Chris Clark can pick Ryan Clady's brain without even talking to him.
It sounds crazy, but what Clark means when he says this is he has spent so much time -- two seasons, now -- backing up the Broncos' left tackle that to simply watch tape is to get a conversation's worth of advice.
He'll need it now. On Sunday, Clady suffered a Lisfranc sprain in his left foot, which could keep him out for weeks, if not months. (The Broncos have not released a timetable.) Down a three-time Pro Bowler who missed not a single game in the first four years of his career, Denver now turns to Clark, an undrafted player-turned-practice squad member who finalized a two-year contract extension within hours of Clady's injury.
Not exactly tit for tat.
It has been a wild week for Clark, but he's taking things in stride. To fans who might worry he'll be an inadequate replacement, his message is to relax, and he seems unconcerned with how long his counterpart will be out. In fact, he hasn't even asked him.
"It really doesn't matter," Clark said. "I'm here to do a job, and my job is to start for however long. That's what it's going to be. I've always viewed myself as a starter. In this league, you can't view yourself as a backup."
Clark's big preseason minutes will go a long way toward getting him comfortable among the starters on Monday against the Raiders, and he said his camaraderie with the offensive line is in good shape. He has a solid grasp on Peyton Manning's rhythm, too, which will help him protect the blind side of perhaps the NFL's best quarterback, and he knows said quarterback will be watching in these first days of his promotion.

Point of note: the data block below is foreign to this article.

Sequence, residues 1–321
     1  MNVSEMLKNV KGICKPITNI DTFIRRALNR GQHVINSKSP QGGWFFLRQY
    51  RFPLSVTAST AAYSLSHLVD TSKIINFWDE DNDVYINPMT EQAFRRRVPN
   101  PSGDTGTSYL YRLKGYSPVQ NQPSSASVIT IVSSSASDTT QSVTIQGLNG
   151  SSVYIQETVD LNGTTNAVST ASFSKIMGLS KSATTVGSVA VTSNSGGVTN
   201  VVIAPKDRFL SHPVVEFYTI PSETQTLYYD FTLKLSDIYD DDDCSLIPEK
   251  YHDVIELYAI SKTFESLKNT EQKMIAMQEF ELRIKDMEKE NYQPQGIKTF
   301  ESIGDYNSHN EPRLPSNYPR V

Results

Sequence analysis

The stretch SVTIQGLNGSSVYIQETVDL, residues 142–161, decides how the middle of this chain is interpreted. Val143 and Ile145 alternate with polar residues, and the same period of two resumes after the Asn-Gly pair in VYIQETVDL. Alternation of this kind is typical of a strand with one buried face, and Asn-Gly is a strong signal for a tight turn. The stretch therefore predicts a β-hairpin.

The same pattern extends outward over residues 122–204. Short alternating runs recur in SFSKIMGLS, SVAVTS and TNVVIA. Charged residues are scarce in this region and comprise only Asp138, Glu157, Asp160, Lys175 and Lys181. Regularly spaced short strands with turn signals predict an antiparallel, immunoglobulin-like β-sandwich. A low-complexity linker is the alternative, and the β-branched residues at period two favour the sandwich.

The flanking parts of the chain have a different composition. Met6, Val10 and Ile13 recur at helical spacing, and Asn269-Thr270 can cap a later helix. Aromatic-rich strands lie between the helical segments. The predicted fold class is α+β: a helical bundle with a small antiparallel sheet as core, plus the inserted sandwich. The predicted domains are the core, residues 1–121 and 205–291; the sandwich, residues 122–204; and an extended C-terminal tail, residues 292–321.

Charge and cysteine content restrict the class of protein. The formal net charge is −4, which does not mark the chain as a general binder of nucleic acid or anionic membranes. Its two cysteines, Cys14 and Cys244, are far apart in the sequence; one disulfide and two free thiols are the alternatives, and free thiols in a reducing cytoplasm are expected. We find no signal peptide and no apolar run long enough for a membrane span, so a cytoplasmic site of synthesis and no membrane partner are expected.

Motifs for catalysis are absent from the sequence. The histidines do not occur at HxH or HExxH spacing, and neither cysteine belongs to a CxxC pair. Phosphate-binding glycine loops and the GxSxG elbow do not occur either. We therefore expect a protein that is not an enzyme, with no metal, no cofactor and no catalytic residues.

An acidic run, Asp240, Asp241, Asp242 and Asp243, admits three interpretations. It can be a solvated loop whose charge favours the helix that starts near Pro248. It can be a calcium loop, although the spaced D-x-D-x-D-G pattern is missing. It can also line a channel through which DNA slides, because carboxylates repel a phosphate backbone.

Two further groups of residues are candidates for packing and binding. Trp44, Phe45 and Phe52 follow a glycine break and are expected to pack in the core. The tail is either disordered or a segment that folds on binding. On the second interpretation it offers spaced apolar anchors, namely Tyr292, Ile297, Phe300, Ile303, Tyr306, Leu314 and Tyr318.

"You might mess up on something, and Peyton will get it corrected then and there," Clark said. "Once you get it corrected, you don't make that mistake again."
Plus, Clark will have something of a cushion by way of the situation he inherits -- not that it'll affect his approach. Right tackle Orlando Franklin, who has played every offensive snap of 2013, has been responsible for allowing only a single quarterback hurry and not one of the three sacks of Manning. In addition, Manning himself goes a long way toward making his offensive linemen's lives easier; his average release time, according to Pro Football Focus, is 2.48 seconds, seventh-best of any quarterback this season. That's an improvement over 2012, when he averaged 2.50 seconds per release, which was second to only Tom Brady.
When Clark lines up for his first start of 2013, he'll see one of the NFL's most precious commodities to his right and thousands of screaming fans in every direction. It's pressure personified, but to him, it's just an opportunity.
"Every player still gets nervous," Clark said. "I'm sure Peyton still gets nervous before every game. That's going to be there. But I'm so excited about getting this opportunity."